Satoru Nomura, head of the Kitakyushu, Fukuoka Prefecture-based Kudo-kai -- the only designated dangerous crime syndicate in Japan -- and second-in-command Fumio Tanoue, who were accused of murder and violation of the anti-organized crime law in four attacks on civilians, were respectively sentenced to death and life imprisonment by the Fukuoka District Court in an Aug. 24 public hearing.
Prosecutors had demanded the death penalty for 74-year-old Nomura and a life sentence and a fine of 20 million yen (roughly $182,000) for Tanoue, 65. It is apparently the first case in which the boss of a designated organized crime syndicate has been handed the death sentence, and may affect future investigations of such crime groups.
After the two were handed their sentences, Nomura said to Presiding Judge Ben Adachi, "I asked you to make a fair decision. I heard you became a judge in Tokyo, huh?" to which Tanoue added, "You're a terrible person, Mr. Adachi." Nomura then said, "You'll regret this for the rest of your life."
Adachi recognized that Nomura was "involved as a mastermind" in all four cases, using the organizational strength and the chain of command at Kudo-kai as well as its second-tier affiliates. The presiding judge pointed out that "there can be no extenuating circumstances for the motives and circumstances of the organization's attack on the regular citizens, who weren't at fault," and concluded, "The criminal responsibility is so serious that the choice of capital punishment is unavoidable."
Adachi also found Tanoue to have been "deeply involved in the decision-making process leading to the crime" along with Nomura, and judged that a "fixed-term sentence is too light."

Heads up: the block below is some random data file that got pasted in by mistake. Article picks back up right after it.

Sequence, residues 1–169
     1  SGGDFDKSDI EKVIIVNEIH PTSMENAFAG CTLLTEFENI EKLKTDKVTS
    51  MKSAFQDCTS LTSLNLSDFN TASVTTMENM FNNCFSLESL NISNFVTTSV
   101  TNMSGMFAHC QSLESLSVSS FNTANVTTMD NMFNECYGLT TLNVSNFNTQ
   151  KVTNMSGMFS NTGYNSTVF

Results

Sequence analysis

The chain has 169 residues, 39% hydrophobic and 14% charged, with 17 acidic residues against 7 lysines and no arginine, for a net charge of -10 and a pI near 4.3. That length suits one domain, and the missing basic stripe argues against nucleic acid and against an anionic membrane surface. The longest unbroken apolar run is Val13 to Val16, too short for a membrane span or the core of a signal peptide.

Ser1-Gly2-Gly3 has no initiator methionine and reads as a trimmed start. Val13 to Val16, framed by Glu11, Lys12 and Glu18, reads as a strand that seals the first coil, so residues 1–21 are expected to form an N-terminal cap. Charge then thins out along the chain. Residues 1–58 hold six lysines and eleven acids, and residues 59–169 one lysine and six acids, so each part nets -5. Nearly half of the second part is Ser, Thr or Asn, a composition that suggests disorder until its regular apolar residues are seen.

In all four cases, Kudo-kai members who executed the attacks and others involved had already been convicted, and in the absence of evidence showing that the two defendants directly ordered the attacks, the main focus was on whether collusion between the pair and the group members would be established.
The ruling pointed out that of the four cases, Kudo-kai and Nomura's motives were established in three of them -- the shooting of a former fishermen's union chief and the stabbing of a dentist were due to interests in relation to a port construction, and the stabbing of a nurse was due to Nomura's dissatisfaction with how she handled him, the court ruled.
Though it was ruled that the direct motive of the shooting of a former police inspector "was unknown," the collusion between the two defendants and the group members was recognized based on Kudo-kai's strong organizational structure in which superiors' orders must be followed. The court accordingly judged that all four cases could not have occurred without instructions from and the consent of both defendants.
Meanwhile, the fine of 20 million yen demanded for Tanoue by prosecutors on the grounds that the former police inspector was shot for the purpose of earning a profit, was rejected.
After the closing of the court hearing, Nomura's lawyer criticized the ruling as "ridiculous" in front of the press. Both defendants' lawyers said they plan to appeal. The Fukuoka District Public Prosecutors Office said, "Our argument was generally accepted. We would like to carefully consider the content of the ruling and take appropriate measures with respect to the fine."